Gene discovery could lead to chlamydia cure

Researchers have discovered genes that can affect how the immune system reacts to infections, which they believe could lead to development of a cure for chlamydia.

The sexually transmitted disease (STD) is one of the most common in Britain and usually does not present symptoms in the early stages. This means it often goes untreated, which can result in infertility.

Researchers from the University of British Columbia and Wellcome Trust Sanger Institute have managed to demonstrate how the STD interacts with the immune system. 

When it came to fighting chlamydia, two genes were found to be key in dealing with the STD. From this, the scientists were able to create an immune cell from human tissue that reacts in a similar way to these genes when exposed to chlamydia.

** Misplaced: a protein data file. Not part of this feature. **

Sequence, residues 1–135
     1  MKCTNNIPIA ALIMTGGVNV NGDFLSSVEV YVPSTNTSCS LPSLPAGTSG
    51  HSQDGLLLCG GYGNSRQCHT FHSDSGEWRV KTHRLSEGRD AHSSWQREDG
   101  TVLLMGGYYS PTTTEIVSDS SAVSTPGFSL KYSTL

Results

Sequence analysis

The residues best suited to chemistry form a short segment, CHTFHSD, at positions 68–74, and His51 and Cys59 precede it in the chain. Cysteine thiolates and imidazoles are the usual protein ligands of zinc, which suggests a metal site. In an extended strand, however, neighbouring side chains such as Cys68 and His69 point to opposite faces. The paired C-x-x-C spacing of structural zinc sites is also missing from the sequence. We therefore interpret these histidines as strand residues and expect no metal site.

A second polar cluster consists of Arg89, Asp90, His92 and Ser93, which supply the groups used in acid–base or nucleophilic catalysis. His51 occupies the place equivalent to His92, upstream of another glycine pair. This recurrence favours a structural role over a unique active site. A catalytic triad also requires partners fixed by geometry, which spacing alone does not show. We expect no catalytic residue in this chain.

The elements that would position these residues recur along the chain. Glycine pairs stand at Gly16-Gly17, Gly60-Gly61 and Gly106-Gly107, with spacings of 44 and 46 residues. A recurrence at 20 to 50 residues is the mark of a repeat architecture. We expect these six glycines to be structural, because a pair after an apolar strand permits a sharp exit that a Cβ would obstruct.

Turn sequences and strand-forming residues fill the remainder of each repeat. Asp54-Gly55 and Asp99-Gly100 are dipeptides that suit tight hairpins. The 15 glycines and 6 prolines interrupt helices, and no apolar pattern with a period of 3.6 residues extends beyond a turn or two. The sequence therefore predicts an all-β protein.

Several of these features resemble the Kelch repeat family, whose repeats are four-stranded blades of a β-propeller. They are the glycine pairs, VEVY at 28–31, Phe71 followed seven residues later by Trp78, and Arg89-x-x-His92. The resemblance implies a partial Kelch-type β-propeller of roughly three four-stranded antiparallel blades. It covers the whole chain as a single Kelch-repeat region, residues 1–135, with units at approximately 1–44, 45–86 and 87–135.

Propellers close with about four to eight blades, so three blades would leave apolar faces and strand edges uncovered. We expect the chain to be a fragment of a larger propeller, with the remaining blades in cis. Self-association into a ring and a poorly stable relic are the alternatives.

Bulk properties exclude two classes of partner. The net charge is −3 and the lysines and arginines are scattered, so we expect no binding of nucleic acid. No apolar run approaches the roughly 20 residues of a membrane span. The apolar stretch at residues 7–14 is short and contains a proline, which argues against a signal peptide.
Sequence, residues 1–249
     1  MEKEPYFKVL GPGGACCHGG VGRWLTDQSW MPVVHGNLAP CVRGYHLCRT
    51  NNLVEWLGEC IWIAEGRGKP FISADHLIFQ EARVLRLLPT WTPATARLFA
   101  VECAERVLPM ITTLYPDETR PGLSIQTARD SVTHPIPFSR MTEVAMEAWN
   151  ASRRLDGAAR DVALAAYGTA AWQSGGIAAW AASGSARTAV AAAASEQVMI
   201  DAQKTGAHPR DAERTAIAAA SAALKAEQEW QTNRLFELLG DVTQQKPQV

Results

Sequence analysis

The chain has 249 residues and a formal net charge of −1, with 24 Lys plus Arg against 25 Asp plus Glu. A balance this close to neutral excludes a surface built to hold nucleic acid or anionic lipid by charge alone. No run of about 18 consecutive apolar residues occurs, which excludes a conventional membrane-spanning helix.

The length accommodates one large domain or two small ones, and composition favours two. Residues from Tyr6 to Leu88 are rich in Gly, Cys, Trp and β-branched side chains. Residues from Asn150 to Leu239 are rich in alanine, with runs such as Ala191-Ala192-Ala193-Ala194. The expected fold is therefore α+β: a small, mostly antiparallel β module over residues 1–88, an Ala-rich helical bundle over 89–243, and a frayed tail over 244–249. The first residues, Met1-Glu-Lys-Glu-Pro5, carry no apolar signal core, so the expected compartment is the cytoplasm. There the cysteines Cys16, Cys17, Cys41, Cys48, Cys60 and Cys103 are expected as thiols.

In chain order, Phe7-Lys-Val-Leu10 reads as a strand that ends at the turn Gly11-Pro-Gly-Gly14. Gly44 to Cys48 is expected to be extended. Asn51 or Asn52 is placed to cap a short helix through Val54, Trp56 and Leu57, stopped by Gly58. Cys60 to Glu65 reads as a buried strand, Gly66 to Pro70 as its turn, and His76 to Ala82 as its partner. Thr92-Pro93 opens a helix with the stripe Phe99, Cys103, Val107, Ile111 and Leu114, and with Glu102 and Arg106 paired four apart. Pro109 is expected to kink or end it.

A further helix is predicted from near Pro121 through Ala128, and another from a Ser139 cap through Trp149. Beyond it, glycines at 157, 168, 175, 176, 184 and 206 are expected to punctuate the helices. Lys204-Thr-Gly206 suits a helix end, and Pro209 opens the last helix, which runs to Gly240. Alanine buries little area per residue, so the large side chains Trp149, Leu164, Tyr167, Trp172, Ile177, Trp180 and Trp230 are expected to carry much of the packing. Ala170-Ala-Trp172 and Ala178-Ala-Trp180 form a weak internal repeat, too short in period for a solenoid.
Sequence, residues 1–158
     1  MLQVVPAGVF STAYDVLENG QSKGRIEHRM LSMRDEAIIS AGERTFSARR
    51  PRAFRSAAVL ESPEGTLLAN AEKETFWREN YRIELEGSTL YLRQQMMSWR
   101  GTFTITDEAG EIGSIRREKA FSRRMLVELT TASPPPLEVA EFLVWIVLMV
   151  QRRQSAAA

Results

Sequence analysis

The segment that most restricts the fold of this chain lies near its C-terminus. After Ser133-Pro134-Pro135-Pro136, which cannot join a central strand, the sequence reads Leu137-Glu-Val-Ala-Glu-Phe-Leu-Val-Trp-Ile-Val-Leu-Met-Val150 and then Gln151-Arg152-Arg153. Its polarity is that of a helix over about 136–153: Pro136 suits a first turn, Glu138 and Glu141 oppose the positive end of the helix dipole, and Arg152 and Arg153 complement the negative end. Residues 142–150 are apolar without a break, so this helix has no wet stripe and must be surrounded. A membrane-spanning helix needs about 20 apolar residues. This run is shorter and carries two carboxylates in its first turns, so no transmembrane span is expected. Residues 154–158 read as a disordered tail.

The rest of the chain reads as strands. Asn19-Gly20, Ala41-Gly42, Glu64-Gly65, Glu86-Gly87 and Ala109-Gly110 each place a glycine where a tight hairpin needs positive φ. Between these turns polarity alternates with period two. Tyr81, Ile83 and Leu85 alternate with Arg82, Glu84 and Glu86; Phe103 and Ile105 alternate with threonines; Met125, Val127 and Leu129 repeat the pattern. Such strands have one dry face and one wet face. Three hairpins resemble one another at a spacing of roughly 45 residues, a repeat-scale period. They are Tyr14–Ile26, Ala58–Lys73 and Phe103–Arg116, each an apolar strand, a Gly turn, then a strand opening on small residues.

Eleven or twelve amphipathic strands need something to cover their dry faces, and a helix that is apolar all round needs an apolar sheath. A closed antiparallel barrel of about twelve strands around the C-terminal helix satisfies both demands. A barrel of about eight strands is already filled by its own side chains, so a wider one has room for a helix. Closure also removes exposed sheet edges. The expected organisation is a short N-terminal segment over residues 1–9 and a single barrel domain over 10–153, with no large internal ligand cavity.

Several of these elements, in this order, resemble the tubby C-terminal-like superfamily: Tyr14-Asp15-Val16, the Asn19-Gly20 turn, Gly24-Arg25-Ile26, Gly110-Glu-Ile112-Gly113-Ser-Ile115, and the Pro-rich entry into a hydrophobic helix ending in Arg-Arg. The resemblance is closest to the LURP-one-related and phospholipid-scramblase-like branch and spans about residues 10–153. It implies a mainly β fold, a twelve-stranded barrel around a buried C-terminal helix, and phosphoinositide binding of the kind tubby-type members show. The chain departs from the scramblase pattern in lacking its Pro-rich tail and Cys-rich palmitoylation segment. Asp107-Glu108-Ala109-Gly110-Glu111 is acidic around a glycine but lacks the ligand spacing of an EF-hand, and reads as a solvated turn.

They discovered that blocking the two genes meant there was a higher chance of infection. 

These findings suggest that genes could play an important role in the creation of chlamydia therapies. This would mean that treatment is not reliant on antibiotics, which are becoming less effective against the STD over time.  ADNFCR-2094-ID-801835243-ADNFCR